Artsy: Nate Freeman
In 1970, the collecting couple Herb and Dorothy Vogel spent $250—roughly $1,667 in today’s dollars—on a work of art that can never be displayed, and, in some sense, never existed in the first place.
Robert Barry’s Closed Gallery (1969) was a performance in which galleries in Amsterdam, Turin, and Los Angeles followed the artist’s instructions to close the gallery space for the duration of their respective Robert Barry shows. The only physical representations of the work were its certificate of authenticity and three copies of the invitation sent out to promote a show that never happened, which the Vogels received in turn for their money. The invitation simply says: “During the exhibition the gallery will be closed.”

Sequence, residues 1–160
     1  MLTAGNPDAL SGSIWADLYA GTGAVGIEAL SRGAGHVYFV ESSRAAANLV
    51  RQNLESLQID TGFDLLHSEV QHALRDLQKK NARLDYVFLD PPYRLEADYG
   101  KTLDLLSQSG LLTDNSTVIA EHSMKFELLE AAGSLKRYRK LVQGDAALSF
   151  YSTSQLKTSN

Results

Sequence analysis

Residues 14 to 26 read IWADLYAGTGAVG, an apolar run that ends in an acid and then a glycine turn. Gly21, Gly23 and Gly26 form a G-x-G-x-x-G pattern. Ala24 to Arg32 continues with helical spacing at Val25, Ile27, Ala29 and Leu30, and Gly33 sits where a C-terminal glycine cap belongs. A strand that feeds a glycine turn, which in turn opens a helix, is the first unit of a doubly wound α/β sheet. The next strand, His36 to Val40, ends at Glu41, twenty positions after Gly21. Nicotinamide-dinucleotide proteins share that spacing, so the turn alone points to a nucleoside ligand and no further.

Image: Sol LeWitt Wall Drawings #766 and #415 D , 1994 MASS MoCA